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NEWS | Sept. 8, 2023

Soldiers from Dülmen APS-2 worksite foster positive relationships at German-led bivouac

By Cameron Porter 405th Army Field Support Brigade

Being stationed in Europe offers U.S. Soldiers plenty of unique opportunities to train with allied partner nations and their armed forces, and often times that training can be a lot of fun. Two Soldiers from Army Field Support Battalion-Germany’s Dülmen Army Prepositioned Stocks-2 worksite had a fun day training with a German armed forces reserve unit from Dülmen recently in the forests nearby the APS-2 site as part of the reserve unit’s annual comradeship bivouac.

Army Capt. Roberto Rivera, who is the Dülmen APS-2 worksite plans and operations officer, and Sgt. 1st Class Belloc Anim, who is the site’s senior supply noncommissioned officer, took part in the bivouac, Aug. 26.

Rivera and Anim – along with their hosts from the Association of Reservists of the German Armed Forces, Dülmen – completed a 12-kilometer foot march which included several training station stops along the way that tested on their knowledge on cover and concealment, electronic communications in a field environment, sector sketches, reconnaissance and reporting, and more.

“I had done something similar when I was a lieutenant in Ansbach (Germany), and for me events like this are a great way to break the ice and foster positive relationships with our German counterparts and the local community,” said Rivera.

It was a good opportunity to meet some of these reservists from Dülmen and network and learn from them, Rivera said. It was also interesting to see some of their common tasks and fundamentals and compare how they train to how Soldiers in the U.S. Army train.

“One of the stations was occupy a fighting position and draw a sector sketch. They showed us how they draw a sector sketch, and I showed them how we do it,” Rivera said. “And this whole time I’m being taught a history lesson on Dülmen by one of the senior members. He took us to an area where the U.S. used to house weapons in the past. It was very interesting.”

The foot march started at the old Dülmen radio tower barracks, which used to be run by the British and is located in the middle of the city. From there, the foot march route took participants through the forests around Dülmen and back, between 11- and 13-kilometers long, in total.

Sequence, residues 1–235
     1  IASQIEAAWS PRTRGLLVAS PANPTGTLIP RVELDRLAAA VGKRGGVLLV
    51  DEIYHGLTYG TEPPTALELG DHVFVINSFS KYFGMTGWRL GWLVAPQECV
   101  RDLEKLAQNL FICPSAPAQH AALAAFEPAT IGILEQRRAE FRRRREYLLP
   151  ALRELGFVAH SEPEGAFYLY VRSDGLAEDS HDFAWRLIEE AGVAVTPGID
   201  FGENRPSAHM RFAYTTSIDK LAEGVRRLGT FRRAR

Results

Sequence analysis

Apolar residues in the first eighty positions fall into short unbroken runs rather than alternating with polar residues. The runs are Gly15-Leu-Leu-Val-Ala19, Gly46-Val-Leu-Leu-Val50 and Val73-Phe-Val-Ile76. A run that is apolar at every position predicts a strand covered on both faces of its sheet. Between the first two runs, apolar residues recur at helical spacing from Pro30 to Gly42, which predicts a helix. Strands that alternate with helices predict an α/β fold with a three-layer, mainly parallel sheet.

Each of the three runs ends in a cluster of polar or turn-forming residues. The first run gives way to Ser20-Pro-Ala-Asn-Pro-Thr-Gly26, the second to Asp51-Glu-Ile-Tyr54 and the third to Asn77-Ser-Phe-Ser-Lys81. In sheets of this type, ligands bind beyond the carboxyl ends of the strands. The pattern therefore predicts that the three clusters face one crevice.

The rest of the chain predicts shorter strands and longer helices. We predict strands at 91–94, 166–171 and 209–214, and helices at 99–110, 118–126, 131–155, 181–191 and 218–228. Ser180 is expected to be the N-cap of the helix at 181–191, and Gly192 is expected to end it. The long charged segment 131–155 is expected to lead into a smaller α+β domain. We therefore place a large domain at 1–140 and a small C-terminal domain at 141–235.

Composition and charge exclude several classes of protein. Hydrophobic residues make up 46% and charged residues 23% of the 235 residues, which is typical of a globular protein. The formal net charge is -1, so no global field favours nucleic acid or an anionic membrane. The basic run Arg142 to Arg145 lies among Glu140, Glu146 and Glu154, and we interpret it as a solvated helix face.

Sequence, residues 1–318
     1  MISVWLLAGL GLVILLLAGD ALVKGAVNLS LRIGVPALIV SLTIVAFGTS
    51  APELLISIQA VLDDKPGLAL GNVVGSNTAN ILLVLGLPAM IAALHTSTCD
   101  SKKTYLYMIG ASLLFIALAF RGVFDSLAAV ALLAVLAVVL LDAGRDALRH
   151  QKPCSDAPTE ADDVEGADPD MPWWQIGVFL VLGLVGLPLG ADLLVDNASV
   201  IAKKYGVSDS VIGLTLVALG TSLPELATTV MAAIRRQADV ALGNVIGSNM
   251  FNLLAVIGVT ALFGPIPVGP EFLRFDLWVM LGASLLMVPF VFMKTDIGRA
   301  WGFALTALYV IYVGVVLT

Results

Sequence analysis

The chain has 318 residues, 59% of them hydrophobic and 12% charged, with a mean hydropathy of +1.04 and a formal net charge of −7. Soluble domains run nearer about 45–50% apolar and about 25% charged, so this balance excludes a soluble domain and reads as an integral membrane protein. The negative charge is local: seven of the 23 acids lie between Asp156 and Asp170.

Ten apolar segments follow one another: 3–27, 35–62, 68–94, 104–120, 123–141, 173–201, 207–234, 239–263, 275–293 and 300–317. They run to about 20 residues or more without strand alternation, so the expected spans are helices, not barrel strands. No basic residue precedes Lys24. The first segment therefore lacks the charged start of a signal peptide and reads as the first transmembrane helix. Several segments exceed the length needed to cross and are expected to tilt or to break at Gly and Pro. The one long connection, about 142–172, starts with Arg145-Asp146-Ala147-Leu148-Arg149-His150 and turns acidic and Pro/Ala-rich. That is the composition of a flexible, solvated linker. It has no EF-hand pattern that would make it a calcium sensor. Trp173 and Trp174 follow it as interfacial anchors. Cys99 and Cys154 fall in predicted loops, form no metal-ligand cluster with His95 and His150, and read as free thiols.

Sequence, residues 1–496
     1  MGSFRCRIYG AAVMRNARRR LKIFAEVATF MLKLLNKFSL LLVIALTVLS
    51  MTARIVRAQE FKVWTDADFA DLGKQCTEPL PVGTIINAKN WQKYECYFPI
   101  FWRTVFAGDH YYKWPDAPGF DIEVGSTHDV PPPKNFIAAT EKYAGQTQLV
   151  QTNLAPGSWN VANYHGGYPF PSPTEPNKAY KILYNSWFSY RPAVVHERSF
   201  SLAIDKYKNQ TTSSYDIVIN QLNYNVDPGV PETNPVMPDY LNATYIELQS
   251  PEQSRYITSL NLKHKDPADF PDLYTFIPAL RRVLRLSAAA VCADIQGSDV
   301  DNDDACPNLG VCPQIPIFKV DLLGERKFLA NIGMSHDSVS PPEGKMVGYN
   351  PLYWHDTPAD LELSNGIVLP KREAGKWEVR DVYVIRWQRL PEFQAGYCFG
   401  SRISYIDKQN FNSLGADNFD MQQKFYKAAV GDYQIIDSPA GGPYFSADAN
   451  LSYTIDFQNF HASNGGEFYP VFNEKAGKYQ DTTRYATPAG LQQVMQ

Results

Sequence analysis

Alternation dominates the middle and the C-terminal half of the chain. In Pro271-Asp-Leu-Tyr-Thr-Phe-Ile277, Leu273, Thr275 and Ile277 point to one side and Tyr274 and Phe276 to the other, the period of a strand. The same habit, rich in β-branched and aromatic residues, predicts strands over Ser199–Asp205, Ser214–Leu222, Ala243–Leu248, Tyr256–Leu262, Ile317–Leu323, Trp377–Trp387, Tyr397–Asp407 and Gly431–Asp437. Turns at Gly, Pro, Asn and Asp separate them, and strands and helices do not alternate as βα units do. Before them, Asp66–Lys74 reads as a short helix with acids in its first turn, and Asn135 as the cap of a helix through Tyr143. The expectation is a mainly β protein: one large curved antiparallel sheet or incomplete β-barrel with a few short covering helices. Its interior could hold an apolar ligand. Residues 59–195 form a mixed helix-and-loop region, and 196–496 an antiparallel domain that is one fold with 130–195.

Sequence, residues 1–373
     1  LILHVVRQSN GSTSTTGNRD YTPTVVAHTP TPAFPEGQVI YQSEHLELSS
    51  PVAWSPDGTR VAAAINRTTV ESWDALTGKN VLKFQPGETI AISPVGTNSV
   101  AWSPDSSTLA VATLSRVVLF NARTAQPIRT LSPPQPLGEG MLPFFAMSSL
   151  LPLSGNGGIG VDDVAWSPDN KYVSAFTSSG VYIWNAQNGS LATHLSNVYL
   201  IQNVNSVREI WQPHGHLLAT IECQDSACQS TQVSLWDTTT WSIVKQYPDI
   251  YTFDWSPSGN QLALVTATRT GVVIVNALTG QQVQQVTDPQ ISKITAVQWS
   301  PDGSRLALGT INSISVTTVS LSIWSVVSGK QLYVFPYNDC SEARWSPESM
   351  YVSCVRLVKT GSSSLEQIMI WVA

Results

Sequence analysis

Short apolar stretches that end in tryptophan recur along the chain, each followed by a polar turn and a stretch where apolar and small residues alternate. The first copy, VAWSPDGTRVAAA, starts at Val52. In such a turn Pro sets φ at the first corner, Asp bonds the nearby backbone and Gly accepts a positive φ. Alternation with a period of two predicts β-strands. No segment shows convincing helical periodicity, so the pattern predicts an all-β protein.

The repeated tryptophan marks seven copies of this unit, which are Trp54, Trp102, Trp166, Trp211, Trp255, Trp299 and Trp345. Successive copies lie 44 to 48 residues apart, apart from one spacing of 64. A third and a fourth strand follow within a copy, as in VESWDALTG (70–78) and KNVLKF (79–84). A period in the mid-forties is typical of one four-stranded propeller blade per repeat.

One of the highlights was the sniper station, Rivera said. They had a stalking lane set up where participants crept or crawled through the woods while a spotter looked for any of their movements. If they were spotted, a whistle would sound indicating they’d been seen and caught.

“This one guy who used to be a sniper in the Germany Army taught us that and how to properly don a ghillie suit and use natural camouflage to conceal our position and movements,” Rivera said. “It was cool.”

After the foot march the German reservists held a barbeque and invited the U.S. Soldiers to attend. “They do this every year. It’s a lot of fun,” Rivera said.

The Dülmen APS-2 worksite where Rivera and Anim work is comprised of about 140,000 square feet of hardstand space and approximately 480,000 square feet of humidity-controlled warehouse space with an additional 140,000 square feet of storage in the maintenance and storage swing space areas. APS-2 worksites like Dülmen help to reduce deployment timelines, improve deterrence capabilities and provide additional combat power for contingency operations.

The 405th Army Field Support Brigade’s APS-2 program enhances U.S. Army Europe and Africa’s readiness and capability to support the warfighter while simultaneously promoting stability and security in the region. By providing turn-key power projection APS-2 packages ready to deploy at a moment’s notice, the APS-2 program is a key component of U.S. Army Europe and Africa’s power projection and warfighter readiness missions.

The 405th AFSB is assigned to U.S. Army Sustainment Command and under the operational control of the 21st Theater Sustainment Command, U.S. Army Europe and Africa. The brigade is headquartered in Kaiserslautern, Germany, and provides materiel enterprise support to U.S. Forces throughout Europe and Africa – providing theater sustainment logistics; synchronizing acquisition, logistics and technology; and leveraging U.S. Army Materiel Command’s materiel enterprise to support joint forces. For more information on the 405th AFSB, visit the official website at and the official Facebook site at